DIY Gold Leaf Painted Acorns


Here in the Bay Area we’ve been experiencing disgustingly hot weather almost every day for weeks. I took advantage of the first day with temperatures in the 70s to cross my fingers that Fall might finally be on the way, and tackled a quick and easy craft project – gold leaf painted acorns!

For this project you’ll need:

  • Gold Leaf Paint (I bought mine at Michael’s craft store.)
  • Small paintbrush (foam ones work best, though I didn’t have any on hand and used a soft bristled brush.)
  • Acorn caps
  • Acorn nuts – either acorn nuts already attached .. or able to be re-attached to the caps, or polymer clay to make your own acorn nuts.
  • Protective gloves
  • Respirator mask (strongly recommended! The gold leaf paint is pretty potent, and even the bottle label is loaded with warnings about adequate ventilation.)
  • Something to cover your work surface, preferably plastic wrap or aluminum foil.
  • Glue (to make sure your acorn nuts stay attached to the caps. I used two part epoxy because that’s what I had handy.)

This project is so easy that it probably doesn’t even need visuals, but if you’re anything like me, photos are always encouraged!

DIY Gold Acorns - If you already have acorns with the cap and the nut attached, you can skip this part. The first thing I did was to make faux acorn nuts with polymer clay, as I’d only collected these cute little caps while out for a walk.

I used the Sculpey “lightweight” clay since it’s really soft easy to mold for this type of project. I baked the clay acorns according to the package directions and let them cool before moving forward.

DIY Gold Acorns - victoriaallison.wordpress.comOnce cooled, I fitted a clay nut to each cap, to make sure I had a match for each one. They’re pretty cute as is, aren’t they? I debated leaving some white, but I can always  make more later if I feel the need to change up the decor.

DIY Gold Acorns -

Once I’d matched the nuts to the caps, I separated them – but kept the nut close to each cap – and then I got to work painting! I found it was easiest to start at the bottom of the clay nut, and then sort of “stick” it to the plastic while I painted the rest of it – from the bottom/widest part up towards the small point at the top. You can see here why the gloves are necessary for this! Some of them required a second coat/touch up after the first layer was dry.

If you have real acorns, make sure you’ve properly dried them out before using them for any craft projects. Acorns fresh off the ground will get moldy, and could also be harboring insects.

DIY Gold Acorns -

Here’s the group of painted clay acorns drying! They dry fairly quickly in low humidity. You could also paint and leave them outside to dry if you don’t have proper indoor ventilation.

Once the paint was dry, I mixed up my two-part epoxy glue and re-attached each cap. As mentioned earlier, you could use other types of glue, whatever your preference is. I like the epoxy because it has a really strong bond with most any material.

DIY Gold Acorns -

So pretty, and so very easy!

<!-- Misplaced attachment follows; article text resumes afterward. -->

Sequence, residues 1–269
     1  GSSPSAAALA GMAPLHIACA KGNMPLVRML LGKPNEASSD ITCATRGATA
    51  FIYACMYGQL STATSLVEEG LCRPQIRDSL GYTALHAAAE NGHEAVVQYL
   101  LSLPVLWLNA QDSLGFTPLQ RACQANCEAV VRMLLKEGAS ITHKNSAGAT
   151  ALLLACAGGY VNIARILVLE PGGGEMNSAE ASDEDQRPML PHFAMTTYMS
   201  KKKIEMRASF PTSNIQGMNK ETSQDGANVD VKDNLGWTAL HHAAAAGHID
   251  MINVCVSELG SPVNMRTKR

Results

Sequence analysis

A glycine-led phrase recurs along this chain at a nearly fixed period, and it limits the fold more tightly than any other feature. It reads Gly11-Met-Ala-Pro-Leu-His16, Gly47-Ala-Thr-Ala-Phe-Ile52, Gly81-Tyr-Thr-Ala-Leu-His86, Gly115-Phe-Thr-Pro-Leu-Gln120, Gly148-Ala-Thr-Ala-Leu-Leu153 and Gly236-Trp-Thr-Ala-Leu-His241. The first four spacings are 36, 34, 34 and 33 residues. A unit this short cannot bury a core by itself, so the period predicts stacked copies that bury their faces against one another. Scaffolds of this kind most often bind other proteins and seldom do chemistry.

DIY Gold Acorns -

I haven’t yet decided what I’ll do with them, but I’m sure they’ll make a nice accent to my other Fall decor.

Happy Crafting!

Homemade Vanilla Extract Wedding Favors Doubled as Place Cards


I’ve realized I’m very far behind in adding the DIY/tutorials posts from our wedding, so I’m going to try to get some of those up for anyone working on their late spring/summer weddings!

One of the fun and easy projects we created combined two tasks in one – favors for our wedding guests and name cards/place cards (sometimes known as “escort cards”,) to help our guests find their seats. Many of our guests enjoy cooking and baking – or live with someone who does! – so we decided to make a big batch of vanilla extract and divide it among our guests as favors. We dispensed it into adorable little glass bottles, adorned with sticker labels indicating the guests’ names and seats. We also had children attending our wedding, so we filled their bottles with miniature M&M’s candies.

wedding favors

Homemade vanilla extract wedding favor

I designed the sticker labels to match our wedding invitations, which was a fun and easy way to tie in the existing design elements and color scheme. Each label had the guest’s name, followed by the table number they were to be seated at.  As a little extra, I made the simple little ‘chalkboard’ style sign in front.  Since I added this piece at the last minute, we didn’t have time to find any small chalkboards. I made a quick little 4×6″ graphic and inserted it into a photo frame from Michael’s craft store.

vanilla-extract-favors-seating-signIf you’d like to make the same favors/seating guide for your guests, feel free to use the sign! I took our initials out of the heart, so you may download the image, or download the file as a .pdf to print it at a higher resolution, available here:


For the bottles, I purchased the clear glass 1oz size from Container & Packaging Supply:

You can find those here. I used the corresponding small silver bottle tops to go with them, but I do believe they also have white, and possibly black, in the same size. When you view the product page, it shows you the other items that fit with the bottle.

For the labels on the bottle, I went with a 1-1/2 x 1-1/2″ square sticker labels. There are plenty of additional sizes as well as round labels if you prefer, but I liked the look of the square to go with our theme/designs. These are the ones I used:


You can find those here. One pack comes with a total of 600 square labels, which is a LOT! Plenty of extras for trial & error when you’re testing out your prints.

Last but not least, making your own vanilla extract is incredibly easy! This is the general guidelines I use, as follows:

Homemade Vanilla Extract

Ingredients for 8 oz of extract:

1 cup vodka

4-5 whole vanilla beans

glass jar with lid


Slice the vanilla beans open lengthwise with a sharp knife. Add the vanilla beans (the whole bean,) and vodka to the clear glass container. Give it a good shake, and store it in a cool dark place for at least 3 months. Every week or two, shake the container again. You’ll notice the little vanilla seed flecks floating around – this is perfectly fine, they are the bulk of the flavor!